- Ohio PBRN. Ohio’s network includes a diverse group of local health departments in nine counties that are affiliated with the state’s academic public health programs, along with the Ohio Department of Health and Case Western Reserve University’s public health program and Prevention Research Center. The network’s initial research will evaluate the use of public health informatics methodologies within local health departments and evaluate the effects of these methodologies on community health assessment, surveillance, and service delivery activities conducted by local health departments. Matthew Stefanak of Mahoning County Department of Health and Scott Frank of Case Western Reserve University will serve as co-principal investigators.
- Florida PBRN. Led by Duval County Health Department, this network includes the Florida Association of County Health Officers, two urban and four rural local health departments, the Florida Department of Health, the Florida Public Health Institute, and a consortium of university partners at Florida State University, University of Florida, and the University of South Florida. The network’s first research project will examine the effects of public health funding streams within the state on local health department capacities and services. Bill Livingood and Nancy Winterbauer of the Duval County Health Department will serve as co-principal investigators.
- Minnesota PBRN. Organized by the Minnesota Department of Health, this network includes partners at the Local Public Health Association of Minnesota, the State Community Health Services Advisory Committee, the University of Minnesota School of Public Health, and local health departments across the state. An initial research project will examine variation in the organizational structures and operational environments of local public health agencies, and the effects of this variation on the quality of public health services. Debra Burns and Kimberly Gearin of the Minnesota Department of Health will serve as co-principal investigators.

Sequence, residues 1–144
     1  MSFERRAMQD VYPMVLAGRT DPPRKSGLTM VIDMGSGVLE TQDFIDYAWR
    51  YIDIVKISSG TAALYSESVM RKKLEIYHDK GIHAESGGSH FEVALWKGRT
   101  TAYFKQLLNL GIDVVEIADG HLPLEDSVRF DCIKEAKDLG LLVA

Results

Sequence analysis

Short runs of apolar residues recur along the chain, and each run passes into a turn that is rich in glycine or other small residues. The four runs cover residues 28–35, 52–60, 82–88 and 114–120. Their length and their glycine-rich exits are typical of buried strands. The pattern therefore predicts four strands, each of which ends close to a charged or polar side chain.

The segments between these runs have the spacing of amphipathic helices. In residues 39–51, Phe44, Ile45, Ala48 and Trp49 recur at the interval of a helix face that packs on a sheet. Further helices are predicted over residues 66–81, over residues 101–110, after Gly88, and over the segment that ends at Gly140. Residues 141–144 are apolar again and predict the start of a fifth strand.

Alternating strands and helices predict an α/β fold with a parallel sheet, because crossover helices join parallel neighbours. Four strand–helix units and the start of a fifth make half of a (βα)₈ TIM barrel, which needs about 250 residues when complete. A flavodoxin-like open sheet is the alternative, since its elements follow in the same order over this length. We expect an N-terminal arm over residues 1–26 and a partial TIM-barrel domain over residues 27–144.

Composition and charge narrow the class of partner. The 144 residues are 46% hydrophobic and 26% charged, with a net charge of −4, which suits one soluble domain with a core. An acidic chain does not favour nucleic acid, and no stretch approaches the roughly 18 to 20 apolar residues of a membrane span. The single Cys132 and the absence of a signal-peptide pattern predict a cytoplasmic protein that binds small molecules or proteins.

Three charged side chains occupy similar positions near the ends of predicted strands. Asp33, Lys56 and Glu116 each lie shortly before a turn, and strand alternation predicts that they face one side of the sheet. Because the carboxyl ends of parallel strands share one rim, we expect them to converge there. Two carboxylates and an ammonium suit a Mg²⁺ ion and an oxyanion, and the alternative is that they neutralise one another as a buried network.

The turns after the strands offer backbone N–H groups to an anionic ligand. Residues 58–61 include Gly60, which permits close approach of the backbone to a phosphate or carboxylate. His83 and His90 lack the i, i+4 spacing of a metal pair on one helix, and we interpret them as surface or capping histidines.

- Nebraska PBRN. The Nebraska Division of Public Health will organize a research network that encompasses Nebraska’s recently-regionalized public health agencies along with four urban and rural single-county health departments, the University of Nebraska, Creighton University, and several other public health organizations. The network’s initial studies will examine the implementation and impact of Nebraska’s newly established regional public health service model, with an early focus on organizational design and workforce issues. David Palm of the Nebraska Division of Public Health and Li Wu Chen of the University of Nebraska Medical Center will serve as co-principal investigators.
- Connecticut PBRN. Led by the Connecticut Association of Directors of Health, this network includes the Connecticut Department of Health, local health departments across the state, the Hispanic Health Council, and the academic public health programs of the University of Connecticut, Southern Connecticut State University, and Yale University. Initial research projects will focus on organizational and governance issues within local public health systems and their effects on the scope and cost of state-mandated public health services. Jennifer Kertanis of the Connecticut Association of Directors of Health and Elaine O’Keefe of Yale University will serve as co-principal investigators.
- New York PBRN. The New York State Department of Health will lead a network that includes the local health department members of the New York State Association of County Health Officials along with the University at Albany School of Public Health, the Northeast Public Health Leadership Institute, the New York Academy of Medicine, and the New York-New Jersey Public Health Training Center. An initial research project will use both quantitative and qualitative approaches to characterize impediments to evidence-based decision making in local health departments and to identify factors that promote and support its use. Sylvia Pirani of the New York Department of Health and Sandra McGinnis of the University of Albany will serve as co-principal investigators.
Glen Mays on Public Health Departments' Responses to H1N1
Glen P. Mays, MPH, PhD, discusses public health departments' responses to H1N1.